There was a dispiriting piece in The New York Times Magazine of June 1 on the resurgence of feudal chiefs in Afghanistan. It seemed oddly out of place. (Huh? Afghanistan? What does that have to do with anything?) The zigzag tour we’ve taken of Central Asia since 9/11 and America’s notoriously poor memory have left Afghanistan, sadly, not surprisingly, stage left. Iraq was the new Afghanistan. Iran is the new Iraq. It makes Christina Lamb’s Sewing Circles of Herat (Harper Collins, $24.95, 368 pp.) her personal and thorough account of two wars in Afghanistan – that much more significant.
Lamb is an award-winning foreign correspondent who covered the mujaheddin-Soviet war in Afghanistan in the late 1980s and then returned after 9/11. She writes about two different wars with similar horrific results. Both of which are, for the most part, forgotten. Lamb published her book on the heels of War in Afghanistan II. It seemed a perfect coda – portrait of a troubled country before we fixed it. The upshot is that it’s about as fixable as shattered glass. What is left of Afghanistan after centuries of brutal wars, oppression and depraved destruction is essentially rubble. Which might be why it’s slipped out of the news – there’s no “there” there.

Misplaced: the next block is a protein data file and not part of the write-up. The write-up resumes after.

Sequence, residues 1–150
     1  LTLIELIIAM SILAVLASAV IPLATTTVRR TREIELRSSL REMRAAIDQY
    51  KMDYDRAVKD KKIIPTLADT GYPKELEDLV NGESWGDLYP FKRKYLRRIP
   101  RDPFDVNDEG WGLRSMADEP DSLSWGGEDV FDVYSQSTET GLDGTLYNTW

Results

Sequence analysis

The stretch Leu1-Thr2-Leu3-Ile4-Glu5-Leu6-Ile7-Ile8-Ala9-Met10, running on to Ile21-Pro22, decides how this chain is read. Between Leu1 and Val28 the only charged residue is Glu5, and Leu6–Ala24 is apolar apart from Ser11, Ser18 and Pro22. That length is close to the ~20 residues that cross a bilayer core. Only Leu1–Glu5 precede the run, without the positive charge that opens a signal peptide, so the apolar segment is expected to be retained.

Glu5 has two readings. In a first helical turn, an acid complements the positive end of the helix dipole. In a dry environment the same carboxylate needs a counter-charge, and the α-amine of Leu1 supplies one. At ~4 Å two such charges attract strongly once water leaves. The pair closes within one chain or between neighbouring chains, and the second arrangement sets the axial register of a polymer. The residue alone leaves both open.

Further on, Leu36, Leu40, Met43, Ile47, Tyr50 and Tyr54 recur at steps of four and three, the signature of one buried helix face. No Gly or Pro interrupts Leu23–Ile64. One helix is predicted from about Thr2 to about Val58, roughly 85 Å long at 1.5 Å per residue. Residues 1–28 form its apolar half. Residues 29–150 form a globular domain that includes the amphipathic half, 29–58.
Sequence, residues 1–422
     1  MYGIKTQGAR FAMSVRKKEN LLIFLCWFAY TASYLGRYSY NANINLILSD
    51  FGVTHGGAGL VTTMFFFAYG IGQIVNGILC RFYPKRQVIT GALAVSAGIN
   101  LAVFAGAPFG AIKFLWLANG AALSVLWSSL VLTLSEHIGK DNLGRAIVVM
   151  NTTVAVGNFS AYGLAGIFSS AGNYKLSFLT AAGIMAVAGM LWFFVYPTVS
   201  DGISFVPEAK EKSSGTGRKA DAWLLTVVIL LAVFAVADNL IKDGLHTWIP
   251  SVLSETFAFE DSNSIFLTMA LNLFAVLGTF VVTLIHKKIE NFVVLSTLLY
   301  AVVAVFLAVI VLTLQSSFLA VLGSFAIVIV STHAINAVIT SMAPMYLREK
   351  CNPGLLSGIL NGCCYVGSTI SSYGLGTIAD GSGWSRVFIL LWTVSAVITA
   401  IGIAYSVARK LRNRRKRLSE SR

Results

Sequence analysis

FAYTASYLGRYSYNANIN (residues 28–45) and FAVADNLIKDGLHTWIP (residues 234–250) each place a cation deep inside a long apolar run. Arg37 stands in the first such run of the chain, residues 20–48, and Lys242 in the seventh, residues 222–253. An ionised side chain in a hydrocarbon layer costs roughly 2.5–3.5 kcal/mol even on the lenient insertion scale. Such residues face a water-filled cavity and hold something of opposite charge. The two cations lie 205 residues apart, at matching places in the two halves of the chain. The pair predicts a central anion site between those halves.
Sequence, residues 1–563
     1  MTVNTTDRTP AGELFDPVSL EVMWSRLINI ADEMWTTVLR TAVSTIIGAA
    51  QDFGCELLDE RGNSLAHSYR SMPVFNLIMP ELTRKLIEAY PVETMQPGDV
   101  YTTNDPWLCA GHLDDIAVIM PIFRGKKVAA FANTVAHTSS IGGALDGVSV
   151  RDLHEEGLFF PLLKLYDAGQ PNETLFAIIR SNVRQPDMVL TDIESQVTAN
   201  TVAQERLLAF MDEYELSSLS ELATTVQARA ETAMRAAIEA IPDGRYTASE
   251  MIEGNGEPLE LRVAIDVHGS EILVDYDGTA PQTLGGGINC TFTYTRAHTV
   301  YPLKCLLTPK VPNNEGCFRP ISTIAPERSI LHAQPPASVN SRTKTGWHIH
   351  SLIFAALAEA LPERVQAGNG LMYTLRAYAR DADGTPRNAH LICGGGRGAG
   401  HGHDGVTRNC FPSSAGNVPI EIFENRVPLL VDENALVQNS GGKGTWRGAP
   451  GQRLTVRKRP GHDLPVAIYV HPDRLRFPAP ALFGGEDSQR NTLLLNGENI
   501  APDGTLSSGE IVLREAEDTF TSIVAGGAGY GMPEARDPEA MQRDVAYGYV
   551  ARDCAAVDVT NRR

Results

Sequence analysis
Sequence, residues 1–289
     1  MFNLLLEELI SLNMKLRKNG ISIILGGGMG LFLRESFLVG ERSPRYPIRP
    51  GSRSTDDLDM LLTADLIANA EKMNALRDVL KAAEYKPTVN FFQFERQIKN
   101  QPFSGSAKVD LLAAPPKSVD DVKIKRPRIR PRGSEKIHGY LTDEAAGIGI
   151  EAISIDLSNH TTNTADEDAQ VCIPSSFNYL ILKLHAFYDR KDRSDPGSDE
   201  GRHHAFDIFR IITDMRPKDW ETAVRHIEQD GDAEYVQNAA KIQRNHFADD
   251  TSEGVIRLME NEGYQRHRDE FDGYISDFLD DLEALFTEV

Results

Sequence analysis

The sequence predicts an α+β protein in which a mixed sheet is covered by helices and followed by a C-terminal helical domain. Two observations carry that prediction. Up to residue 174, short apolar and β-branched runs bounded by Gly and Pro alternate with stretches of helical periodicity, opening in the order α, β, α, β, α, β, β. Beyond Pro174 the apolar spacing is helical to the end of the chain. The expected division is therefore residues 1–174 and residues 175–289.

Lamb arrived in Afghanistan an idealistic adventurer “stumbling out of a battered mini-bus in the Old City of the frontier town of Peshawar, dizzy with Kipling and diesel fumes.” She had romantic notions of faraway adventures and despite the horrors she had seen, the romantic notions persist on her return to the country years later. In the midst of mass destruction, death and ruin, Lamb is quick to point out the bird singing, the lone flower pushing defiantly through the dirt, the smell of a pine tree. She captures the essence of culture, tradition and pride of a people that is impossible to see in news accounts.
The title of the book refers to one of the only social gatherings allowed in Afghanistan under the Taliban regime. Using sewing circles as a cover, women carried baskets of needles, thread and cloth to houses where they gathered to write, read poetry, teach and learn. Children playing in the street were instructed to signal if Taliban approached so they could hide their books and pick up sewing needles. The art, beauty and intellectual fulfillment these women craved enough to risk their lives for was very strictly forbidden. Lamb uses their story to weave together the country’s complicated history. She juxtaposes images of beauty and horror throughout the book – a metaphor for her own writing. Lamb believes passionately that stories, no matter how horrible, need to be told, and beauty is never completely lost.
Some of her accounts are literally jaw-dropping. Traveling the country with the mujahedeen in the ’80s she spent two days huddled in a trench waiting out Russian tanks parked at close range ready to shoot any sign of life. The group of men in the trench included current Afghanistan President Hamid Karzai, with whom she forged a close friendship. They lived on dirty puddle water and mud crabs until the tanks inexplicably drove away.